Ever wonder what exciting new projects the many employees at NARA are working on? The “What are You Working On?” blog feature aims to introduce a variety of NARA employees and highlight some of the exciting projects we are working on around the agency. Check for this blog series on Wednesdays!
This week, we introduce Jason Schultz, Archivist at the Richard Nixon Presidential Library.
What is your name and title?
Jason Schultz, Archivist
Where is your job located?
At the Richard Nixon Presidential Library and Museum in Yorba Linda, California.
What is your job in a nutshell?
Along with my fellow archivists, I provide reference services on materials related to the life and political career of Richard Nixon. I also process materials to make them available for public use.
What are you working on right now?
The entire archival staff in Yorba Linda has been busy since July 1 with our newly reopened research room, finally consolidating reference services on all materials related to Richard Nixon. I am passing on to my Yorba Linda colleagues everything I learned in my two years of working with the Presidential materials in College Park; in return they are teaching me the quirks and nuances of the Pre- and Post-Presidential materials.
As time permits, I am processing the White House Central Files materials of David Gergen—the political analyst at CNN who worked for four Presidents, but got his start in the Nixon Administration. Under the Presidential Recordings and Materials Preservation Act of 1974 (which governs these materials), this means reviewing every page for sensitive information, along with the traditional archival preservation activities of refoldering and making any necessary preservation copies.
How long have you been at NARA? Have you worked at any other NARA location?
I began with NARA as a student in November 2005. I spent a year with the Exhibits staff at Archives I and processed State Department records at Archives II for eighteen months before transferring to the College Park Nixon staff in July 2008. In May of this year, I followed the Nixon Presidential materials to California, returning home to Orange County.
What has changed since you started at NARA?
I can think of two changes offhand that have greatly shaped my time at NARA. The first was the ten-year processing initiative to reduce the backlog of unprocessed records. Because of this, I typed up tens of thousands of folder titles and also created many Archival Research Catalog (ARC) entries for State Department records. The second was the Joint Operating Agreement signed by NARA and the Nixon Foundation in July 2007, which created the Federal Nixon Library and got me where I am today.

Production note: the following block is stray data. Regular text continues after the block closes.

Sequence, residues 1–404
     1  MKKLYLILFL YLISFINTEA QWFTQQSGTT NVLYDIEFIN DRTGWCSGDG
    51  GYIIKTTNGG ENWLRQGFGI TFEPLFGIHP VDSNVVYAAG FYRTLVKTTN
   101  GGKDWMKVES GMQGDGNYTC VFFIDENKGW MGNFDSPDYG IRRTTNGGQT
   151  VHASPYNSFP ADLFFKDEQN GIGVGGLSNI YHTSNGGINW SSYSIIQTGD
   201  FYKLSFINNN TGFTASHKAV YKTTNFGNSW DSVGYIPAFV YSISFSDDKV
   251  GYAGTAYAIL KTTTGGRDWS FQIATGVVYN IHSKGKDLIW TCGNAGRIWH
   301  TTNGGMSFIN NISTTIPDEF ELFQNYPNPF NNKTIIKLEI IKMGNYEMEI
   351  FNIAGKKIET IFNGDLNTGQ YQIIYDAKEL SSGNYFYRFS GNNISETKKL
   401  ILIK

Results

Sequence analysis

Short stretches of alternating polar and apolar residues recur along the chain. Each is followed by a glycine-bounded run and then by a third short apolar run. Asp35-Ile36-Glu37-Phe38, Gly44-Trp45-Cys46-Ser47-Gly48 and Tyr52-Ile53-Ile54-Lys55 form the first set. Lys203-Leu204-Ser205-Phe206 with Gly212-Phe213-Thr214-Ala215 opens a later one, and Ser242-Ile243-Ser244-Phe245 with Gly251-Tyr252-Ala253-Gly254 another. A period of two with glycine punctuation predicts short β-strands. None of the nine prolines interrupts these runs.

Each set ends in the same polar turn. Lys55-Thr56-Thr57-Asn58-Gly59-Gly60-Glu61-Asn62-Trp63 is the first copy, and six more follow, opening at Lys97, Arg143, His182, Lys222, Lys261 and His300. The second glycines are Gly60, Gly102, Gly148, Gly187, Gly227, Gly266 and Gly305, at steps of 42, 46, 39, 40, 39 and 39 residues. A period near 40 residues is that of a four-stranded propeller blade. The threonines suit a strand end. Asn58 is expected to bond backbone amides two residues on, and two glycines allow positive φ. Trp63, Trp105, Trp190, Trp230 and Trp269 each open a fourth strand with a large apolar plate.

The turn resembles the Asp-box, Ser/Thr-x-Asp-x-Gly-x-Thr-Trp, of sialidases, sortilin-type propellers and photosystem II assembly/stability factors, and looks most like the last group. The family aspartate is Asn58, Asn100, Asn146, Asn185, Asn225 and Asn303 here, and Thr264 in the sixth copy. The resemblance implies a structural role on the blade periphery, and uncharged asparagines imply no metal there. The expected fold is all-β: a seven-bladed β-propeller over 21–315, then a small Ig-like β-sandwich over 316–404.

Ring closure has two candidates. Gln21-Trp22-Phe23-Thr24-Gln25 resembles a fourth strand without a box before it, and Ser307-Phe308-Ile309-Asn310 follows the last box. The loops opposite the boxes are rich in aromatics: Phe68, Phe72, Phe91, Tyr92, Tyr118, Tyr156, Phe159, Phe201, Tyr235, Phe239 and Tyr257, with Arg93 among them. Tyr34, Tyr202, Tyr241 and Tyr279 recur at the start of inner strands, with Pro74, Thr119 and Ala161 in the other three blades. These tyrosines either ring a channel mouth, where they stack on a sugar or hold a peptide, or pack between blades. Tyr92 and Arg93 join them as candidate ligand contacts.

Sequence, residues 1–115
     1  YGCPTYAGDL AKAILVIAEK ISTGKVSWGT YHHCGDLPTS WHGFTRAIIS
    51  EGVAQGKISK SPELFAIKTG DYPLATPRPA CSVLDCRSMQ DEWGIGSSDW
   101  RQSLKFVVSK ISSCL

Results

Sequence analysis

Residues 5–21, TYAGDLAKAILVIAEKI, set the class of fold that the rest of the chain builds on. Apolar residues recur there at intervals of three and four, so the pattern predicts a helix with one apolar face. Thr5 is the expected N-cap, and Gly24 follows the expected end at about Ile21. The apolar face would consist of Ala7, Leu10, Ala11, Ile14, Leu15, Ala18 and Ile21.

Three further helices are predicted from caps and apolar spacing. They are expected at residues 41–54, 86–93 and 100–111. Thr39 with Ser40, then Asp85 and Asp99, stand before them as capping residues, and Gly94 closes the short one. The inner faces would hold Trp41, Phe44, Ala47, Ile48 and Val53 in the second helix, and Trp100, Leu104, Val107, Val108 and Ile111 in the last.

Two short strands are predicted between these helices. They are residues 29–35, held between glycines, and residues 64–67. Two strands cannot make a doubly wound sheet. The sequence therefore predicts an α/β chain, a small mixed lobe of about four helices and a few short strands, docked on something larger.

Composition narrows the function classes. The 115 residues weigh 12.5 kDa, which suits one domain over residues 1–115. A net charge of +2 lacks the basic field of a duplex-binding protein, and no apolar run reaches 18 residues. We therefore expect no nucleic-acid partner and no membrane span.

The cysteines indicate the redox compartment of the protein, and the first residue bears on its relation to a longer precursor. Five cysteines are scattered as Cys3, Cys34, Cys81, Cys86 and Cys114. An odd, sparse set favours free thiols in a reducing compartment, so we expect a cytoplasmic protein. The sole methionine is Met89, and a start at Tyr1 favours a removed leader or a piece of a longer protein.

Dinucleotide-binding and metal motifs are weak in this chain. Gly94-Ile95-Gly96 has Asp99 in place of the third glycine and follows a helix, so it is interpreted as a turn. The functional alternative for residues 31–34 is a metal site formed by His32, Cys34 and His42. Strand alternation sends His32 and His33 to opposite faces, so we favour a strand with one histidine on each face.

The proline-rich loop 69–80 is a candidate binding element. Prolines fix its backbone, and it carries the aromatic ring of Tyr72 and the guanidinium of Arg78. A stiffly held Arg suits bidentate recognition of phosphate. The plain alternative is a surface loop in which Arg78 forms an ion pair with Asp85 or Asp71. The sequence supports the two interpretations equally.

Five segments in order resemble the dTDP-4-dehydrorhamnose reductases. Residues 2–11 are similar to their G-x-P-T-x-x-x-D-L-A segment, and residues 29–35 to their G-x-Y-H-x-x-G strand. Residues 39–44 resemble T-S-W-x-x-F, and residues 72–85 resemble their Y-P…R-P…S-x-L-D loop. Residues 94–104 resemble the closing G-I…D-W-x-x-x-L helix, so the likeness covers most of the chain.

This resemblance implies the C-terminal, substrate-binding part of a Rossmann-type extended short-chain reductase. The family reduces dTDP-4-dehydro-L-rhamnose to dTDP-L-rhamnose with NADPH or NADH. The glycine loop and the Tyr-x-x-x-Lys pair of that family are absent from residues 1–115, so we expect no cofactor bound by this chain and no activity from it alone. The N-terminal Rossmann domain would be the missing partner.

Working with my colleagues to move the Nixon Presidential materials to California this past spring will always be at the top of my list. We had 35 years of loose ends to tie up before moving the materials and—unlike departing Presidents—we moved the materials without the help of the military.
My favorite research assignment, however, was to investigate the history of two dessicated fingers, part of the General Records of the Department of State. They were submitted as evidence in the 1930s in a claim against the Mexican government for banditry acts committed in the State of Nayarit in 1918. The State Department records are quite dramatic and, at times, gory. (Read more about the story here.)
What are your passions or interests outside of work?
I’ve been interested in Disneyland history since I was 13. In fact, discovering that there was a Walt Disney Archives was what made me want to become an archivist. My master’s thesis on roads and wilderness areas in California, including a section devoted to the proposed Disney ski resort in Mineral King, succinctly captures my chief intellectual interests.
What is the last book you read, or the last book you loved?
Italo Calvino’s If on a winter’s night a traveler. It’s a book about the reading experience, specifically a frustrated Reader who settles in to read a new book only to discover that a misprinting keeps him from getting too far in the book. For the rest of the novel, while seeking to continue the first story, the Reader is led from one compelling story to another wholly unique tale, but never finds more than a part of any one story. I think it’s very applicable to archival work because often in the records we only find a partial story, and while searching for additional details we may come across something even more engrossing.
Meet more NARA employees: http://www.archives.gov/careers/employees/